Sunday, August 23, 2015

Dream Big! (But Know That Humanity Is Basically Doomed)

So here's the thing. I just saw TOMORROWLAND (I know, I'm way behind on movies) and it puzzled me.  The message of the film (hammered home with the delicate subtlety of a piano being repeatedly dropped on your head) is that Dreamers are our most precious resources, we must foster them and they can fix any calamity but only if we never ever stop believing in the possibilities of the future.

Yay!  Lovely message, eh?

And it would be, if the basic pretext of the entire film wasn't an assumption that human beings, as a whole, will latch onto any hint of negativity and replicate it diligently until they destroy the world with their persistent Doomsday thinking.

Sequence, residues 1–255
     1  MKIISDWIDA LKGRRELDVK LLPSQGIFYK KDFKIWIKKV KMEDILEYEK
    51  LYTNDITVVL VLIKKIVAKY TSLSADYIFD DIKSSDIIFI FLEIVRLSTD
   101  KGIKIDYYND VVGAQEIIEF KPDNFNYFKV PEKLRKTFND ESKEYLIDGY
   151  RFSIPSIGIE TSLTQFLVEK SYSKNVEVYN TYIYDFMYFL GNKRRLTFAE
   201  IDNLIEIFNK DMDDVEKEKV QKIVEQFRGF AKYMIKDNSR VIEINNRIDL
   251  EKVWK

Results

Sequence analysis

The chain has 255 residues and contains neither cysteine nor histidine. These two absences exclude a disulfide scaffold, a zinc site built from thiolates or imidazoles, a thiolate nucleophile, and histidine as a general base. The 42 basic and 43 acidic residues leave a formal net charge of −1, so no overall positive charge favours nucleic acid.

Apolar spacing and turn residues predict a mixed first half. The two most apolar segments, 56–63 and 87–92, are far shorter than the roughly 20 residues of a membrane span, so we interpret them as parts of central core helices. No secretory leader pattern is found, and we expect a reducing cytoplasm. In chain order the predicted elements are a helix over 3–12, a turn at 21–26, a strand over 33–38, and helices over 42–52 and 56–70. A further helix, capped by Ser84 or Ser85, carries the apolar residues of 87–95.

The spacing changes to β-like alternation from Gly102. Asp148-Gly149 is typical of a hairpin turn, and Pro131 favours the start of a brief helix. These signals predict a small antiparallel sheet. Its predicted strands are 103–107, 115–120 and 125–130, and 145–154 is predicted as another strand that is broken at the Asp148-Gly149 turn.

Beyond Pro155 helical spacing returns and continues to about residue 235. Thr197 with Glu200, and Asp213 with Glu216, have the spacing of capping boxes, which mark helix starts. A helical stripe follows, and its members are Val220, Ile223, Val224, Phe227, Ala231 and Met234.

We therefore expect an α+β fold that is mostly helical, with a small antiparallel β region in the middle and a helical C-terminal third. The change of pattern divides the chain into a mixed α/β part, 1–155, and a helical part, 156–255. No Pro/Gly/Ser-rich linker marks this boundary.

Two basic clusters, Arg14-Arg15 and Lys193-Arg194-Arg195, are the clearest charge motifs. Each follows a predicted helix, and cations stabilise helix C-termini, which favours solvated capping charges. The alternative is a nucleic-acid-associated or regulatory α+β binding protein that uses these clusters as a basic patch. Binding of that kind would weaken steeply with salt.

It was strange to me that a film whose entire purpose was to be all "Optimism, rah!" was founded on an assumption so inherently pessimistic.

Also, I gotta say it kind of bugged me that they used dystopian novels like 1984 and Fahrenheit 451 as negative examples--examples of that negative Doomsday thinking--when the entire movie was set up as a dystopian story.  Seriously?

The point of dystopian novels is not to show us that we're doomed!  It's to show that we can break out of that doom if we are only aware of it, that man can rise above, even when we have boxed ourselves into a corner in our quest for perfection/safety/etc.  So why would you use dystopian stories as a symptom of the apocalypse in your heavy-handed Story of Hope?  Especially when your Story of Hope is a dystopian story!  Come on, people.  Think it through!

So while I loved the "Yay, Dreamers!" aspect and several other elements of the story, the basic contradiction of optimism/pessimism confused me like there was no tomorrow.  (See what I did there?)

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